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CHILDREN OF THE MIDDLE WATERS (8b/12 - NEW) ensemble [Heyoka II]

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  • Minisinoo
    Continuing direction from part 8a/12.... ... This, colonel, is our research lab and medical bay. Chris Summers entered the lab ahead of Xavier and Jean,
    Message 1 of 1 , Dec 23, 2001
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      Continuing direction from part 8a/12....

      ------

      "This, colonel, is our research lab and medical bay."

      Chris Summers entered the lab ahead of Xavier and Jean, looked around
      with a suspicious interest, then back at the two of them. "Do I want
      to know the total dollar figure for all the equipment in here, not to
      mention the construction of this little futuristic underground?"

      Xavier just smiled. "Now you see why we are anxious to have Scott
      healed enough that we can bring him home."

      "Maybe. But it doesn't explain what he was doing in that building,
      negotiating with a dangerous police suspect, in the first place."

      "It wasn't the boy who shot him," Jean pointed out. "And the boy had
      a mutation much like Scott's own."

      "I don't care if they were born in the same town on the same day and
      shared the same damn hospital crib. Scott didn't have any business
      being in that building."

      Jean sighed. She really, really wasn't sure of the wisdom of this,
      but Xavier had been adamant. "It's time that Scott's father knew
      what his son has been doing, Jean," he'd said earlier that afternoon,
      before taking Lieutenant Colonel Summers back to the mansion. Scott
      had been stable enough for Jean to leave the hospital for a while and
      this, Xavier felt, was a critical moment.

      "And what if he reacts badly?" Jean had asked. "Scott never told him
      for a reason, professor."

      Xavier had shaken his head. "I trust Scott's opinion on many things
      Jean, but when it comes to his father, I'm afraid that his judgment
      is rather clouded by the classic father-son conflict." He'd smiled
      faintly. "Both Scott and Chris Summers are rather . . . powerful
      personalities."

      Which had made Jean laugh, then she'd sobered enough to say, "But
      they didn't want anything to do with him after he became a mutant."

      "Not quite. They didn't know what they could do with him, and for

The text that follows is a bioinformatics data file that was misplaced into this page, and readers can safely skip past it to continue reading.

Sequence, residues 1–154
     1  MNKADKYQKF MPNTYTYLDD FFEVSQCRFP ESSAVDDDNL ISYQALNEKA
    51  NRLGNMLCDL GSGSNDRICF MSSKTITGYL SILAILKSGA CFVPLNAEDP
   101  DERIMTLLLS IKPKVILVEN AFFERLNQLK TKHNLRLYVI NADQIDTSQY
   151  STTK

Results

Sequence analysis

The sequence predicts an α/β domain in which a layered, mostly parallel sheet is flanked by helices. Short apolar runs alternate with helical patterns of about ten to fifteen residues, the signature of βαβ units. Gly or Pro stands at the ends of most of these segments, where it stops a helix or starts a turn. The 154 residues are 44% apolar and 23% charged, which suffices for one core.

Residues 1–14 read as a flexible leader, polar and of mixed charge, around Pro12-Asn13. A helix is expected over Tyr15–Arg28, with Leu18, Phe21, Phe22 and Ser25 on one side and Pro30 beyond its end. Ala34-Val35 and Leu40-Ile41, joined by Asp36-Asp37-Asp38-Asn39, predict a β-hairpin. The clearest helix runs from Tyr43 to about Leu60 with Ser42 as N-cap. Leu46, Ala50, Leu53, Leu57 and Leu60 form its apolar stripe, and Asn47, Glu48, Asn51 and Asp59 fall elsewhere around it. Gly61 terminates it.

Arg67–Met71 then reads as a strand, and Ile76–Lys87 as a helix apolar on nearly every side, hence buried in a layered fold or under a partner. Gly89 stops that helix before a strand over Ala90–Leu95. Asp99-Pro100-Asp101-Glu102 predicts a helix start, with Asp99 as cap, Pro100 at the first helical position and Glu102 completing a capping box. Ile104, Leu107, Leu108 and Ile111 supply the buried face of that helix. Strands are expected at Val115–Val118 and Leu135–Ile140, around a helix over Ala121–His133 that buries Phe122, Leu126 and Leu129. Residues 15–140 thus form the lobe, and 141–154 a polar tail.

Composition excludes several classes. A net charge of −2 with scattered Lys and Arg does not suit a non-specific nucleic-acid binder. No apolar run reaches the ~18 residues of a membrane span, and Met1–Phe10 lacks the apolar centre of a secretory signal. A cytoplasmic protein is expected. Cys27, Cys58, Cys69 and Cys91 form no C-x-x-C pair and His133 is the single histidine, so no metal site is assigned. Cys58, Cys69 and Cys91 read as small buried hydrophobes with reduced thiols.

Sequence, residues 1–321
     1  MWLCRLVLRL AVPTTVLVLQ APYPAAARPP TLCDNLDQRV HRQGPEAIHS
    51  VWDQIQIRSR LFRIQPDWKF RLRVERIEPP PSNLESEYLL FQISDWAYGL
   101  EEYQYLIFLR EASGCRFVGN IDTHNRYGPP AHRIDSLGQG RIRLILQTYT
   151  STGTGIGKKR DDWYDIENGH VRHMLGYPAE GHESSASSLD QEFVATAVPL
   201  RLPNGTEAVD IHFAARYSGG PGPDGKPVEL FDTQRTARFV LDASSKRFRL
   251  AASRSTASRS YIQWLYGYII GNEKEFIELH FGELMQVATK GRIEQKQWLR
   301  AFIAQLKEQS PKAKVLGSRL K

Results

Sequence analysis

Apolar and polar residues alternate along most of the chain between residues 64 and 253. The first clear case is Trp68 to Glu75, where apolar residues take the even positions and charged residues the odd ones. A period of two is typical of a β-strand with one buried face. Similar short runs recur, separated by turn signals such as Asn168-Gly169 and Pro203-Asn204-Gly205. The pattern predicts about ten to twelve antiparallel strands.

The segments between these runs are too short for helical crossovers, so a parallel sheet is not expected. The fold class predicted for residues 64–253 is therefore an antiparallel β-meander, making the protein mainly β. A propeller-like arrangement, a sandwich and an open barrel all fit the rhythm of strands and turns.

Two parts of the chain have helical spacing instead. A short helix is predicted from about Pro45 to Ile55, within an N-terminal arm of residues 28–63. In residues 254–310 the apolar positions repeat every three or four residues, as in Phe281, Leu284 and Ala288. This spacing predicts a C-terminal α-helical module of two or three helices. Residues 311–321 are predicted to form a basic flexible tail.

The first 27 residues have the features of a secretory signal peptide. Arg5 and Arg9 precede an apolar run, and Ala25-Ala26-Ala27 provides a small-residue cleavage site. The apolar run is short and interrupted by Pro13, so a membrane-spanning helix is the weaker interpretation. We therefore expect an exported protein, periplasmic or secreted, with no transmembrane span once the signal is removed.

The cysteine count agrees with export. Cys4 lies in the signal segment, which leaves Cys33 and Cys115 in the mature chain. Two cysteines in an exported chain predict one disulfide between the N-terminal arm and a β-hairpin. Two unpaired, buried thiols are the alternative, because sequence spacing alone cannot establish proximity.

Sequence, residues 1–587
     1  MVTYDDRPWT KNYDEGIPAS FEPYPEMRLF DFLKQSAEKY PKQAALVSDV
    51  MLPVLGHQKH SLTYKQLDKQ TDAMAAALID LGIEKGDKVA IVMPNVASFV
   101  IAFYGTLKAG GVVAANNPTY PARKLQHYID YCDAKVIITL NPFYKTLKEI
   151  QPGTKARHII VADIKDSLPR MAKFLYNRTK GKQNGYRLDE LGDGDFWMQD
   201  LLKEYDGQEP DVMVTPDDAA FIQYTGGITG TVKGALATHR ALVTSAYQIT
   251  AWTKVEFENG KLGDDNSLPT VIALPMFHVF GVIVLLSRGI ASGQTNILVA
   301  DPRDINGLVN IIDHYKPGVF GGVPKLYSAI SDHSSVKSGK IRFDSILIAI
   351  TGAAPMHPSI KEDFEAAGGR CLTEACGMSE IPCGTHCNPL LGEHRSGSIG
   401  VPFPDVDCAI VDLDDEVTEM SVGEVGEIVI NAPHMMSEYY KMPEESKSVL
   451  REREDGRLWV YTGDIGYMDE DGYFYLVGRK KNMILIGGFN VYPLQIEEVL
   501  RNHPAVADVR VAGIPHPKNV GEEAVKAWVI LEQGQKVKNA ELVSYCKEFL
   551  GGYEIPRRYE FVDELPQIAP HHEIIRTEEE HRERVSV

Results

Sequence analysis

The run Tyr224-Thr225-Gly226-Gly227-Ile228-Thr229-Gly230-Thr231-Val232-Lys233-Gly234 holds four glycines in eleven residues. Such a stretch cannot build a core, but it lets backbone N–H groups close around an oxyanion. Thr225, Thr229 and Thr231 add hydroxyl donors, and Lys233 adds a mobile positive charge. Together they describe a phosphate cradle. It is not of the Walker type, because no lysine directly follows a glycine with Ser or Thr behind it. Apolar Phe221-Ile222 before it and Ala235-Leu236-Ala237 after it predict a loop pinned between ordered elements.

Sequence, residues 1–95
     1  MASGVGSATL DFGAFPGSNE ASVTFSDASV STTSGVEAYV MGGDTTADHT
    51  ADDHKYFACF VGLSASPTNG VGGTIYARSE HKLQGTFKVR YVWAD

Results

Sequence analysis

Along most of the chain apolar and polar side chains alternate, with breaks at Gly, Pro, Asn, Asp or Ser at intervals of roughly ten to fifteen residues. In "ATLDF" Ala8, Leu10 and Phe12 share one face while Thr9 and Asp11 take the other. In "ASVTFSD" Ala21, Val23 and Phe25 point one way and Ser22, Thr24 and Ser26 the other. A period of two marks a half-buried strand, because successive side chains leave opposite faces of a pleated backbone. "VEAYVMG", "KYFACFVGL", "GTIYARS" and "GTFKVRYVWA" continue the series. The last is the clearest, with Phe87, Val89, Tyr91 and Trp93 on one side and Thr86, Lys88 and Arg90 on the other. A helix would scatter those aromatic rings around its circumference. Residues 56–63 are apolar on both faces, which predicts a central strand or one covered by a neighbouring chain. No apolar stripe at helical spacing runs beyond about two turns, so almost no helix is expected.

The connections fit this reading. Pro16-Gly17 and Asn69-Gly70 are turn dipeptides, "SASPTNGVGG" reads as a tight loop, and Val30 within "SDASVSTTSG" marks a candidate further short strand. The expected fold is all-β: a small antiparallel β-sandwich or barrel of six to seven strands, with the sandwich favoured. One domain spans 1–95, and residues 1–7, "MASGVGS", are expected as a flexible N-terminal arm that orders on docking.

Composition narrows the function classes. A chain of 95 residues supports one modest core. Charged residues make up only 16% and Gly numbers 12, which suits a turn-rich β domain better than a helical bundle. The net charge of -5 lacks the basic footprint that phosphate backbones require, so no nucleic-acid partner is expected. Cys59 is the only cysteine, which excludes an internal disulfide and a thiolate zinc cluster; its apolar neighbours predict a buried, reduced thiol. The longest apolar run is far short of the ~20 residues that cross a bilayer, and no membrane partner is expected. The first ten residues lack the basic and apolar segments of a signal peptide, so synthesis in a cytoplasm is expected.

him. That's why they were willing to release him into my care. But
      the reason that Scott and his father spoke so rarely had a great deal
      more to do with a certain college application sent secretly to
      Berkeley without his father's permission, than with the manifestation
      of any mutant gene in Scott."

      Jean had chewed on that. Scott had never told her that he'd applied
      to Berkeley in secret, though she had wondered a time or two why his
      conservative parents had consented to their son's attending
      *Berkeley*, of all places.

      "In any case," Xavier had gone on, "and back to your original
      question, 'What if he reacts badly?' That, my dear, is why I'm
      taking you along. If absolutely necessary, we together can ensure
      that he remembers nothing critical. I detest such measures, and
      would be loathe to use them. But I don't think we shall have to."

      So here they were, in the belly of the X-Men's secret bunker with
      Lieutenant Colonel Christopher Summers, gambling on one of the
      professor's famous hunches. Jean hoped Xavier had called this one
      right. Summers was waiting for the professor to explain why his son
      had been involved in dangerous negotiations. Xavier turned back
      towards the lab door. "Please follow me and you'll have your
      answer." Jean watched the colonel's mouth purse in irritation, but
      he followed. Xavier began to speak, his voice falling into what she
      fondly teased him was his 'lecture cadence.'

      "Many years ago, when I first realized that I was possessed of
      certain inborn gifts, it became apparent to me that with such power
      came a proportional degree of responsibility �- a responsibility that
      I knew would not be understood, or acquiesced to, by all others like
      myself. Wisdom is not related to intelligence or talent, but to
      compassion and humility. As a telepath, one learns both quickly, and
      a certain sense of humor about one's self, or one goes insane. There
      seems to be little middle ground." Xavier's voice was wry. "As a
      very young man, I thought I was a god. As an old man, I realize that
      I am a child."

      "Like Socrates," Summers said.

      Xavier turned to look at him. "Yes, precisely. 'I am the wisest man
      in Greece,' he quoted, 'because I realize how little I truly
      understand.'"

      "That's why I let you take Scott ten years ago, y'know."

      "Because I knew Socrates?"

      Summers chuckled. "No, because you couldn't answer all my questions.
      You admitted to what you didn't know, which in my experience is a
      rare kind of honesty. And I think most pilots could give telepaths a